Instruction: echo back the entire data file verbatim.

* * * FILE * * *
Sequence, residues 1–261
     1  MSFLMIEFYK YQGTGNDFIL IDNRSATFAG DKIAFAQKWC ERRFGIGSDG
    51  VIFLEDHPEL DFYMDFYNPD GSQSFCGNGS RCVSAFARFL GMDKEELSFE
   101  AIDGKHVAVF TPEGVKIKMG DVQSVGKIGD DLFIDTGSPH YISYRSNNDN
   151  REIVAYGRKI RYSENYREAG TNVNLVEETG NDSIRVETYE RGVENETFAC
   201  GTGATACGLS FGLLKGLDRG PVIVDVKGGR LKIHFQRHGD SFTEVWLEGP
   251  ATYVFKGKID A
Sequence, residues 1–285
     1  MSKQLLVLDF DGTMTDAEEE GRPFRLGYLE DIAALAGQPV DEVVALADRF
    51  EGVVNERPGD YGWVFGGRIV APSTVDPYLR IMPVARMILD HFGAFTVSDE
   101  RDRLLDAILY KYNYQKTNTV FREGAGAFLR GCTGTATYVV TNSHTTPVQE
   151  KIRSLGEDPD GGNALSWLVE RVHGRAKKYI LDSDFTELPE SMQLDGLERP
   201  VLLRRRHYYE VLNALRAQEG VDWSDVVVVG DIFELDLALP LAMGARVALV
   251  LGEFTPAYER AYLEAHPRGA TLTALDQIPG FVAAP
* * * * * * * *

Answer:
Sequence, residues 1–261
     1  MSFLMIEFYK YQGTGNDFIL IDNRSATFAG DKIAFAQKWC ERRFGIGSDG
    51  VIFLEDHPEL DFYMDFYNPD GSQSFCGNGS RCVSAFARFL GMDKEELSFE
   101  AIDGKHVAVF TPEGVKIKMG DVQSVGKIGD DLFIDTGSPH YISYRSNNDN
   151  REIVAYGRKI RYSENYREAG TNVNLVEETG NDSIRVETYE RGVENETFAC
   201  GTGATACGLS FGLLKGLDRG PVIVDVKGGR LKIHFQRHGD SFTEVWLEGP
   251  ATYVFKGKID A
Sequence, residues 1–285
     1  MSKQLLVLDF DGTMTDAEEE GRPFRLGYLE DIAALAGQPV DEVVALADRF
    51  EGVVNERPGD YGWVFGGRIV APSTVDPYLR IMPVARMILD HFGAFTVSDE
   101  RDRLLDAILY KYNYQKTNTV FREGAGAFLR GCTGTATYVV TNSHTTPVQE
   151  KIRSLGEDPD GGNALSWLVE RVHGRAKKYI LDSDFTELPE SMQLDGLERP
   201  VLLRRRHYYE VLNALRAQEG VDWSDVVVVG DIFELDLALP LAMGARVALV
   251  LGEFTPAYER AYLEAHPRGA TLTALDQIPG FVAAP